Seamlessly following the video, silhouette to silhouette, the four dancers broke into Wheeldon's commissioned work, For 4, set to Schubert's Death and the Maiden. Ironically, we had just seen Mr. Corella filmed at the edge of the shore, and this ballet's lighting design was evocative of washing waves. Wheeldon has been reviewed in this magazine for some dramatically driven works and some less engaging. For 4 seems to fall in between, as the choreography was visually fascinating, but, given the powerful potential of this fiery foursome, it did not achieve magnetic excitement or wild abandon. Restraint seemed to be rampant, and I wondered at the logic of it all. Solos and ensemble dance were contemporary and fairly one-dimensional, with imagery of arm-leg patterns and colorful unitards, rather than imagery of tour de force breathless buoyancy.

The second work of the evening was dark, demonical, and dysfunctional. Flemming Flindt's The Lesson is a 1963 ballet of murder, the victim being the ingénue ballerina, the perpetrator her trusted ballet teacher, and the piano accompanist the voyeur-provocateur, egging it all on. Tonight's Teacher was Angel Corella, and he played the theatricality with passion. The two female guest artists, Gudrun Bojesen, the Pupil, and Deirdre Chapman, the Pianist, were wasted in this disturbing dervish, and extraneous in this all-male genre. Both seem to have remarkable talent and presence. There was an eerie edge here, evocative of German Expressionism, in the angular body language and walks. The sexual symbolism of the crime in dance was evident in each tableau. The fact that The Lesson, a forty-three year old ballet, is not known to the general ballet audience speaks for its relevance.

It was Act III, the four solos, each choreographed by the whim of each danseur, where some excitement ensued. Ethan Stiefel was first, with Nils Christe's The Wavemaker (another reference to the sea), and most of the motion was inwardly, rather than outwardly, muscular. Mr. Steifel stood still, with tiny ripples of flesh, building in volume and vivacity. He unfolded and retracted to the John Adams score, like the motion of the sea. Johan Kobborg chose Tim Rushton, who created quite an unusual faun for Debussy's renowned score, a brand new Afternoon of a Faun. This faun had no nymphs, no grapes, no mountain, no scarf, unlike Nijinsky's faun. However, it did have a spotlight, a ray of sunshine. This was a mesmerizing and magical dance, featuring Mr. Kobborg in undulating floor patterns and primal positions.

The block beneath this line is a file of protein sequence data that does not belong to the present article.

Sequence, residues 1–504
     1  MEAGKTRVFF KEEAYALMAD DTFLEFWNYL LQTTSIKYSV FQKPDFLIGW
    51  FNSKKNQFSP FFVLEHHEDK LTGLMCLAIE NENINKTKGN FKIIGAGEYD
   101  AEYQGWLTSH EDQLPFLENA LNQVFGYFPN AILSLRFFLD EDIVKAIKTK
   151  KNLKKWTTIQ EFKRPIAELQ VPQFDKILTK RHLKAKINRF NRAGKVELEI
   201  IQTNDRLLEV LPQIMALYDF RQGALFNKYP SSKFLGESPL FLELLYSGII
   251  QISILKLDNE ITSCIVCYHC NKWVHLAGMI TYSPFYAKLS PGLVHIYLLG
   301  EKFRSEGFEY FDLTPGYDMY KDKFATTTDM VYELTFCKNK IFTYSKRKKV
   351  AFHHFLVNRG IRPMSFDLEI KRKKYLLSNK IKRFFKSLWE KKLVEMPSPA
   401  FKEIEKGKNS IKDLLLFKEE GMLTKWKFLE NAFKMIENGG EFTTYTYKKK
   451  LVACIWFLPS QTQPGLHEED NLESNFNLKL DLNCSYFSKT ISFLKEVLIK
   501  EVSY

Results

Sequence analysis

The showstopper of the evening was Nikolay Tsiskaridze's interpretation of three roles in Bizet's Carmen, created by Roland Petit. This is a must-see-again performance, and Mr. Tsiskaridze literally transformed himself into male, female, male, with the turn of the music and a prop or two. An assistant, almost as engaging as Mr. Tsiskaridze, himself, changed the props with consistent camp. The audience vocalized vociferous approval. Angel Corella closed the evening with humor and smiles, dressed in casual New York at midnight attire, dancing an effervescent elegy to Ellington and Strayhorn, created by Stanton Welch. This was a bit of Astaire, a bit of Gene Kelly, and a bit of Corella. We Got It Good was a dazzling, dashing dance.

Kudos to Sergei Danilian, and kudos to the four Kings of the Dance.

Christopher Wheeldon's dance For 4
Photo courtesy of Stefano Paltera

Nikolay, Angel, Johan and Steifel
Photo courtesy of Stefano Paltera

Johan Kobborg
Photo courtesy of Stefano Paltera

Nikolay Tsiskaridze in Roland Petit's Carmen
Photo courtesy of Stefano Paltera

Ethan Steifel
Photo courtesy of Stefano Paltera